Prestige object. We are one of the first editorial offices with the chance to have a close look at the upcoming GX800. Compared to the predecessor, Asus not only increases the performance and the dimensions but also equips the device with a 4K display and G-Sync support. Can the cooling system handle the components? Our preview answers initial questions.
Asus GX700 meets MSI GT80: This would be a good summary for the brand-new GX800 in one sentence. While the external water cooling (Hydro Overclocking System) did not change, the chassis grew from 17 to 18 inches to make room for a dual-GPU solution. To make sure not to fall behind MSI and justify the extreme price, Asus includes the most powerful Notebook GPUs on the market. Nvidia's Pascal generation still needs some time, so our review unit has to get along with two Maxwell chips, more precisely the GTX 980 SLI (buyers of the final product will get the top next-gen GPUs). This means the benchmark results and emissions as well as energy measurements are not representative for the final product.
Another difference is the display. Contrary to the prototype, the final product is not supposed to be equipped with a Full HD, but a UHD panel with G-Sync support (supposedly the first 18-inch model in the world). Because of the very early product stage we are not going to evaluate some sections. Asus is still tweaking the following aspects until the launch:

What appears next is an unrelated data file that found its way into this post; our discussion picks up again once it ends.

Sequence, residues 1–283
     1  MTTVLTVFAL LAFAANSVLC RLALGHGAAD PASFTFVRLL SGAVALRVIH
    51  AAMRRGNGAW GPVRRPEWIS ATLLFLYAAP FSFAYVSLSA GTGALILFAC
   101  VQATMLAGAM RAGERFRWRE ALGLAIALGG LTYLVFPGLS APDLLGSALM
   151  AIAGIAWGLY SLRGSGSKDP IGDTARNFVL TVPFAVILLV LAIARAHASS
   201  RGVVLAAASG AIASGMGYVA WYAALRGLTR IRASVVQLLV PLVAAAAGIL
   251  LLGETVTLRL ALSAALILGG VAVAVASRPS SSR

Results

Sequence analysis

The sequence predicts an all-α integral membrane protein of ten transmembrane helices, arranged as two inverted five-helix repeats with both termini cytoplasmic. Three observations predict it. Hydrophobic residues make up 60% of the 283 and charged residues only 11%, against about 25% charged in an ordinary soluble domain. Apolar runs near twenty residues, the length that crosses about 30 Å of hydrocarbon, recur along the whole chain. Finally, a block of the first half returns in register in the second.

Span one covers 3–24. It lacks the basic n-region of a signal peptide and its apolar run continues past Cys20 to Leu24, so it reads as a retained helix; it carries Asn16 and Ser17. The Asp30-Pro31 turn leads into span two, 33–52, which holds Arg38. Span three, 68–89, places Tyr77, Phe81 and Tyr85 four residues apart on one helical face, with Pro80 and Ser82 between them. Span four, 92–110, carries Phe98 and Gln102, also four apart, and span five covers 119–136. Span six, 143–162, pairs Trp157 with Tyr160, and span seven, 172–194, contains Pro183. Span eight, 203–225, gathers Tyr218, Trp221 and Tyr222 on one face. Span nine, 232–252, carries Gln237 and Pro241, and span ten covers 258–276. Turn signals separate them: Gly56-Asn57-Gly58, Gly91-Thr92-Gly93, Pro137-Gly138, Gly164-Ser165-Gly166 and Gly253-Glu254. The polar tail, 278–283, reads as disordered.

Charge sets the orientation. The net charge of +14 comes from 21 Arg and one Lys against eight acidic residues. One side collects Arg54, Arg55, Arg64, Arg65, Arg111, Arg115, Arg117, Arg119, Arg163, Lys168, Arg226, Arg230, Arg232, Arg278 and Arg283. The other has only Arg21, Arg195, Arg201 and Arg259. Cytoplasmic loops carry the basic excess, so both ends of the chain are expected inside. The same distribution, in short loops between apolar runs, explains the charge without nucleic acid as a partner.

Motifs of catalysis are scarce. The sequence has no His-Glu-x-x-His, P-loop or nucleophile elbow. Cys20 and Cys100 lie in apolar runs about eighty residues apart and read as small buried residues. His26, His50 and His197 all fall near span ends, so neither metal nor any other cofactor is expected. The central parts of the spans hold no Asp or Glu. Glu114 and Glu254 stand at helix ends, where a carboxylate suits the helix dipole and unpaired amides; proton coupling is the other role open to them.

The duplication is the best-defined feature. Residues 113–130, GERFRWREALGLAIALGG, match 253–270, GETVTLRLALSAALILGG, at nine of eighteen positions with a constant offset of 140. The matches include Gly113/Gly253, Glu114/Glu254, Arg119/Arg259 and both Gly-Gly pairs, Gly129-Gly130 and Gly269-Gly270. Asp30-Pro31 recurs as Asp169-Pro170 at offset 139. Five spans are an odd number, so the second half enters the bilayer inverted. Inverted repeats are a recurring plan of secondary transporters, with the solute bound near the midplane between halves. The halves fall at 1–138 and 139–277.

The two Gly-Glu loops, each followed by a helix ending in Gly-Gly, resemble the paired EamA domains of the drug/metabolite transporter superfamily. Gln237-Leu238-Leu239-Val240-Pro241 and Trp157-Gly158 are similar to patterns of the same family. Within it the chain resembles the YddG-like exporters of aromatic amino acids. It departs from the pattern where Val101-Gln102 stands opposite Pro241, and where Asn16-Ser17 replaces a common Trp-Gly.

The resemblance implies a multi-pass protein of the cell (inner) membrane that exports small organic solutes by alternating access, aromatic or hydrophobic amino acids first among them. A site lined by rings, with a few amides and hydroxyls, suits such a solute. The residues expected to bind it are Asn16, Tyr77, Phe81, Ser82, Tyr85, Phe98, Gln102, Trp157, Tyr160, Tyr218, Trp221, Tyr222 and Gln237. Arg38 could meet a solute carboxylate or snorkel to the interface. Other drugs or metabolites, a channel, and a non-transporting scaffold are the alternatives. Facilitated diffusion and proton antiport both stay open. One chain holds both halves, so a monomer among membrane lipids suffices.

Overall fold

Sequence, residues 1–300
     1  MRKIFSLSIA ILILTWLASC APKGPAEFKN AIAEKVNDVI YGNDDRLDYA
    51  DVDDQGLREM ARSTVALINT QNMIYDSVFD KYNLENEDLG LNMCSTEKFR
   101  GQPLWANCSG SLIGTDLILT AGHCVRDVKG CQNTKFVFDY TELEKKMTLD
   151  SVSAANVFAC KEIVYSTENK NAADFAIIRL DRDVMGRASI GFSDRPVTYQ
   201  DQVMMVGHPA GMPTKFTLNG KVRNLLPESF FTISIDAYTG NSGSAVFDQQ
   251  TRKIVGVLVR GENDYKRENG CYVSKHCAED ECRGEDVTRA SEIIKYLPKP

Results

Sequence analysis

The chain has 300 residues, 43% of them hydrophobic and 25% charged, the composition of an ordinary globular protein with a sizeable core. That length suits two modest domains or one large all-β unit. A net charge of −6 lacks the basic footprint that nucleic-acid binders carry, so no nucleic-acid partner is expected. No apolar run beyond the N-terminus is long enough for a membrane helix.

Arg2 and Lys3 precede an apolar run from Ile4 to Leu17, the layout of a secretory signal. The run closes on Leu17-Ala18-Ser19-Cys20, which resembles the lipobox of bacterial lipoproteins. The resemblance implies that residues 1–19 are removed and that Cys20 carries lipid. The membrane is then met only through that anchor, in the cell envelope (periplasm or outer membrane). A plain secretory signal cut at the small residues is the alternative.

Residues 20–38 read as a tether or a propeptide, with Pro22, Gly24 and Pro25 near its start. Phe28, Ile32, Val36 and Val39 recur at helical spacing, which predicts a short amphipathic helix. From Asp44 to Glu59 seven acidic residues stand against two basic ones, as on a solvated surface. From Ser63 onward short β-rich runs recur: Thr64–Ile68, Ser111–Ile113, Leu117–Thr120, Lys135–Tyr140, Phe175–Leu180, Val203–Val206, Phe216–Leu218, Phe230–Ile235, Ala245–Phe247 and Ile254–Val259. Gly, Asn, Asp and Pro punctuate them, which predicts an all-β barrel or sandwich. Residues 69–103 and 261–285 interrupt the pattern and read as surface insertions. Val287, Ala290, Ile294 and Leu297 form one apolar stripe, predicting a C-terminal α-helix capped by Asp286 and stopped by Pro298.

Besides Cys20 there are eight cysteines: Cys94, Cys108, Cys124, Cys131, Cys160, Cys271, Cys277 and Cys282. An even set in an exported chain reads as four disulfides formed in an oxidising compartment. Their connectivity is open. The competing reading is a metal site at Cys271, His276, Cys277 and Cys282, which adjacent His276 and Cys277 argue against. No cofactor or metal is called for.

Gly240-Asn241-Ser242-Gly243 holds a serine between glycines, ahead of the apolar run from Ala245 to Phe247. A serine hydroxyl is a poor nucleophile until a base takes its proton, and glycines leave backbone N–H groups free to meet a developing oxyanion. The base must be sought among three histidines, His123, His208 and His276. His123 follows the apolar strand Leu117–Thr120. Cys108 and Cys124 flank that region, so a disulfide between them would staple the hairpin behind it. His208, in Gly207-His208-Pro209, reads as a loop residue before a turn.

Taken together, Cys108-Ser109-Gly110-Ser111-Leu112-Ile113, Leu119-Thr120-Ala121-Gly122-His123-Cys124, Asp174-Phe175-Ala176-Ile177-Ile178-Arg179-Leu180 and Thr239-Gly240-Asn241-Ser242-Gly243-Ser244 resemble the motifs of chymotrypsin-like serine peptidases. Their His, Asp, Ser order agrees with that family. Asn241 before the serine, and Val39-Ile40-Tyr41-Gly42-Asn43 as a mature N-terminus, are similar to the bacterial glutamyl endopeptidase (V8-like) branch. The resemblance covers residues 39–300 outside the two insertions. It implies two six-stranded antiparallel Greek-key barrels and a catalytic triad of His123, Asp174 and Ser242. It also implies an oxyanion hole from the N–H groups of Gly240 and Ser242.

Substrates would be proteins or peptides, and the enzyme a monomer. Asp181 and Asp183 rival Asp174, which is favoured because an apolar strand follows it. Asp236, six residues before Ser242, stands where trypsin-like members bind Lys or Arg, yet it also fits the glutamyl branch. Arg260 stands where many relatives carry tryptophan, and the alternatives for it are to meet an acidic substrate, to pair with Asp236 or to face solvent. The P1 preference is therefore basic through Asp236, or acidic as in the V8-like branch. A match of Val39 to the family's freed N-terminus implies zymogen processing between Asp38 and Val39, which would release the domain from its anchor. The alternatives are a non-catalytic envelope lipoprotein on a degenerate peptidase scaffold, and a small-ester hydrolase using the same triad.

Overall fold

· Input devices (keyboard & touchpad)
· Case (build quality etc.)
· Software (tools, driver, etc.)
· Communication (Wi-Fi)
· System stability
· Battery runtime
· Cooling system
Asus GX800 Prototype (GX800 Series)
Intel Core i7-6820HK 4 x 2.7 - 3.6 GHz @ 4.4 GHz (Intel Core i7)
NVIDIA GeForce GTX 980 SLI (Laptop) - 16384 MB, Core: 1328 MHz, Memory: 3700 MHz, GDDR5, ForceWare 362.34 (368.39 for Games)
65536 MB , 4x 16 GB DDR4-2400, 4/4 slots occupied, dual-channel, up to 64 GB
18.40 inch 16:9, 1920 x 1080 pixel 120 PPI, Samsung 184HL (SDC4C48) , Super PLS, Full HD, glossy: no
Intel CM236 (Skylake PCH-H)
3x Samsung SM951 512 GB NVMe M.2 (RAID 0), 1536 GB
5.69 kg ( = 200.71 oz / 12.54 pounds), Power Supply: 2 g ( = 0.07 oz / 0 pounds)
Asus notebook section
Note: The manufacturer may use components from different suppliers including display panels, drives or memory sticks with similar specifications.
The design is very similar to the 17-inch sibling GX700. Asus once again uses a combination of metal (lid) and plastic (some rubberized), which can live up to the quality of the main rival from MSI, the GT80S. Because of the bigger screen and twice the GPU performance, however, the chassis is bulkier and heavier compared to the GX700.
The GX800 tips the scale at 5.69 kilograms – almost 50% more compared to the 3.9 kg of the GX700. This means the whole system with the water cooling (4.7 kg) weighs more than 10 kg. Adding both power adapters (1280 grams each), the total weight will be 13 kilograms. The MSI GT80S with identical components, but without water cooling and just one power adapter, "only" weighs 6.3 kilograms including the PSU.